ALISTAIR Stewart has slammed BBC broadcaster Emily Maitlis for airing her views on Government advisor Dominic Cummings.
The former ITV newscaster condemned her behaviour, highlighting it as an example what he calls the ‘Foxification’ of the British broadcasting media.
In his piece for The Spectator magazine (titled ‘Emily Maitlis and the ‘Foxification’ of Britain’s broadcast media’, he discussed the issue, all the while expressing concern the way the British media was becoming in terms of coverage.
Starting the piece, he addressed how during his early years as a newscaster, he was often told to leave his personal beliefs at ‘the door’, of which was a benchmark of their coverage of the then Velvet Revolution in Czechoslovakia, in which the country’s communist regime fell in 1989.
Meanwhile, he felt that Maitlis’ statement was an ‘editorial judgement’ on the Cummings case, of which the government advisor has caused controversy for seemingly violating lockdown rules to look after his children.
He also felt that the BBC was somewhat stuck, with their overall ruling (which found against Maitlis and the Newsnight team) being condemned for either ‘bowing to government pressure’ or ‘not going further’, being seen as ‘spineless lackeys’. He also felt that Maitlis wasn’t alone in the problem, as Stewart blamed ‘the advent of social media’ for allowing reporters to be two-faced in believing one thing on their profiles on social media and another on broadcast media, of which ‘they can’t’ do.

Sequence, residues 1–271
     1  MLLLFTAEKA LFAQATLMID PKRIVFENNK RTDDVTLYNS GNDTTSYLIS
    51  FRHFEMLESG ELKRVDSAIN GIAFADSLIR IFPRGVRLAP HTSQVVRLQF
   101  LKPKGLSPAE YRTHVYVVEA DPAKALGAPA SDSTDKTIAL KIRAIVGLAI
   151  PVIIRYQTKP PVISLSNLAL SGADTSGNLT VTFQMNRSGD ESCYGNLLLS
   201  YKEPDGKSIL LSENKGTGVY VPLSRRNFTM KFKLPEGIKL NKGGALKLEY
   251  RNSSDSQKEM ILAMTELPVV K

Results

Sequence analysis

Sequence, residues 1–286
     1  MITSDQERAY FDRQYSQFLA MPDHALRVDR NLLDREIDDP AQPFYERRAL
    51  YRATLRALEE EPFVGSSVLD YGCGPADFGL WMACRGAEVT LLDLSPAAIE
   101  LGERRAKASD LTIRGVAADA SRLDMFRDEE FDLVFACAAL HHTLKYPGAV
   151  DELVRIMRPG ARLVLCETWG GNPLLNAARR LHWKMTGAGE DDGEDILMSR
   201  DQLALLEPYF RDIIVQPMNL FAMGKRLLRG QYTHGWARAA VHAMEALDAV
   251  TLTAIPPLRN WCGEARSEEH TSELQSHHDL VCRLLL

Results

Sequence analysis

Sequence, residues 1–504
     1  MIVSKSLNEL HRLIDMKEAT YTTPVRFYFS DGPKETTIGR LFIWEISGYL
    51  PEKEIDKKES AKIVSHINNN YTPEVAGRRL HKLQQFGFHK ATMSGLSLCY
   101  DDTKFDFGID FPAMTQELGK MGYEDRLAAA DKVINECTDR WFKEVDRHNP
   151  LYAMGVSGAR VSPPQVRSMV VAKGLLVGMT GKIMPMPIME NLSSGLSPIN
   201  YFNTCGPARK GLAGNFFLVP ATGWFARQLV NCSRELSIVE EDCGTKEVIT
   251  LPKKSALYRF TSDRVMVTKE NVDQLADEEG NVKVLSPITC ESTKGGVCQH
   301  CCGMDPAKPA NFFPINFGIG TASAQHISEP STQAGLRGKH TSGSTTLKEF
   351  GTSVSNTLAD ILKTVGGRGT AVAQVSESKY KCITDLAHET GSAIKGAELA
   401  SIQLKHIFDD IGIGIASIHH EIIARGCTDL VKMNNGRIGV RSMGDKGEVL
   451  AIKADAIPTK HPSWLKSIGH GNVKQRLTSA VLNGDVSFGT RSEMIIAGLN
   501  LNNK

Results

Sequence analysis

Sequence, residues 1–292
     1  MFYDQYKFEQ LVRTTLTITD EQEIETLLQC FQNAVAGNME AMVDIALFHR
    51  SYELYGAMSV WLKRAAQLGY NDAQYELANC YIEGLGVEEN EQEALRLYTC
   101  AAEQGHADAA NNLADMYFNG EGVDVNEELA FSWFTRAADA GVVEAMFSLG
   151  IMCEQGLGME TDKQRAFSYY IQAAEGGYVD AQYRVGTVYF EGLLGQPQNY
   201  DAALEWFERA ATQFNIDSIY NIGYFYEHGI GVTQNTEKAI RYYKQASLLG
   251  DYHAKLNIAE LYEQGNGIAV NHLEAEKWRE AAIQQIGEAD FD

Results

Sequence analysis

He felt that the only true way to combat this was to emphasis ‘an impartial broadcast media’ as ‘one of the pillars of a pluralist, democratic society’.
He went on to stress the importance of an impartial media, and while ‘there may be a rising appetite for a greater freedom for broadcasters to express and even proselytise their personal beliefs’, the need for people to receive news ‘straight’ was more important than ever. He noted of a meeting of a senior government official as this ‘challenge to impartiality’ was a ‘more pressing concern than any other on the media agenda’, and wasn’t ‘contradicted’ on the matter.
Alastair Stewart used to be a newscaster for ITV News, starting there in the early 1980s (having previously worked for ITN and Channel 4 News between the late 1970s and early 1980s), and continued there until this year, whereby he was fired by the network for alleged racism after quoting Shakespeare against a black person on Twitter.